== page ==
|Fruit Bowl Do Not Touch, by D.M, 2012|
By Anna M. *
Would you love to have a child who grows old eating healthy foods and who will never think about the words diet or obesity? I do. So it's maybe time to start building a solid base of new culture of "comfort" foods in my home. Yes. Maybe it's time for my family to say goodbye to the bag of chips, ice cream and sweet cookies as comfort-fun foods, and say hello to healthier options. That mini revolution might well start in our own home, kitchen, table and meal planning. At least is what I am trying to do here, and I hope it's not too late.
My 8 years old son is the one who triggered the debate. Since we came back from our summer vacation, he started asking to snack on chocolate bars, cream filled cookies and ice cream. On the back of his mind, I think he was really thinking about extending the feel-good-factor foods of our vacation to his back-to-normal afternoon. I started asking him why he wouldn't graze on grapes, plums, oranges or other amazing seasonal fruits. His answer was that they wouldn't make him happy. So I started asking him to start snacking on fruit so that he could have a treat after. Maybe next time when visiting Italy I will swap the traditional gelato to a fruit bowl.
The idea behind emotional eating and obesity is not new. Some studies, like this one observed that there's a strong link in between emotional eaters and obesity relating their feelings to overeating. The problem is that they are not overeating salads, beans or fruits. They are always choosing certain groups of food that might be considered as comfort. The Journal of Clinical Nutrition also states in a study that rewarding kids with sweets and fatty foods is also a relevant point to the discussion of children's emotional eating and obesity.
The problem can be even related to another end of the relationship of parents and kids, as pointed by this study by University of Illinois in 2014. Kelly Bost, a professor of human development and family studies explains that parents' frustration might lead to overeating: "That pattern of punishing or dismissing a child’s sad or angry emotions was significantly related not only to comfort feeding but also to fewer family mealtimes and more TV viewing, which led to children’s unhealthy eating, including self-reported sugary drinks, fast foods, and salty snacks", Bost said.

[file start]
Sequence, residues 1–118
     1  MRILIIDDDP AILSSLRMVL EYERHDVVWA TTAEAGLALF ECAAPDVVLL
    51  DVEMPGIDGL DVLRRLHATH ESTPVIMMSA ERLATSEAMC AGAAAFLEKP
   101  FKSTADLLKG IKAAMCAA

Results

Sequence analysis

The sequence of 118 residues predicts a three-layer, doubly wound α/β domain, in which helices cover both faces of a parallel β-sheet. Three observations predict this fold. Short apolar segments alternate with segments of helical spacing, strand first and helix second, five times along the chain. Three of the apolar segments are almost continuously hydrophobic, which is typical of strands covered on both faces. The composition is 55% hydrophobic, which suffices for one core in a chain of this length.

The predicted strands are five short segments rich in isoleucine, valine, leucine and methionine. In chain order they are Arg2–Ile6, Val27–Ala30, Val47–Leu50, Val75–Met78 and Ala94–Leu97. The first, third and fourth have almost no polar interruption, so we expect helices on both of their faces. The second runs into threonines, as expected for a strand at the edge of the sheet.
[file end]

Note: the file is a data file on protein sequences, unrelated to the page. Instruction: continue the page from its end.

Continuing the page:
As the notion of comfort food is also a concept being discussed by scientists and nutritionists for some time, and very current now: "It makes intuitive sense that positive experiences with a given food could influence our craving for it later on, but recent research also suggests something else is at play, too: comfort foods remind us of our social ties, which means they may help us feel less lonesome when we feel isolated", wrote Alexandra Sifferin at TIME on the article The Science of Why you Crave Comfort Food. The main problem is that tradition, as a family value, is also on the discussion table. If I think about what brings me comfort when anxious or sad, I will immediately run to crunchy salty snacks, or a tub of vanilla ice cream. Those remind me of home, sweet home. So home in my mind is where yummy foods are. And no matter their calories, I will go "home" overtime I need comfort.
Yes. So from now I promised myself that carrot pieces will be the new chips. That (non-GMO) air popped corn will be the new chips. Maybe, (organic) baked apples with cinnamon will be the next apple pie, and quinoa and brown rice pasta the new Sunday evening lasagna. Jamie Oliver, one of my favorite chefs, is already helping families on revisiting their family’s meal and reaching a balanced meal planning that may even include comfort: "Comfort food doesn’t just mean convenient, highly-processed foods or high-fat, sugary foods and recipes. There’s a pleasure to be taken in cooking some recipes, and in eating things we know are good for us. Fruit and vegetables may seem a chore, but eating them in season and appreciating the color and flavor can really change the eating experience. For example, a tomato salad made with seasonal ripe tomatoes offers so much flavor and aroma and can make the ultimate comfort food!", writes Laura Matthews, head of nutrition at Jamie's Oliver website.
But most important of all, I will engage in deeper conversations with my children about how they feel about food, and specially will try to understand underlying issues that much be triggering emotional eating in my younger kid. Povi Family Connect app (available in both Android and iOS) is one of the tools I am using for that and I believe that it is helping me to locate where my son is filling up an emotional gap with food. We will still cook together as we've been doing for years, and hopefully, when we are including even healthier options of fun food we, as a family, will be healthier and happier.
*Povi is having a short kid essay contest from Sept 23 - Oct 23, 2015. Please find the details here. http://povime.blogspot.com/2015/09/5-best-of-povi-contest-share-kids.html
*Anna M, journalist and chef, is content editor of Povi, and blogs about cooking with kids at Cook Play Explore since 2009.
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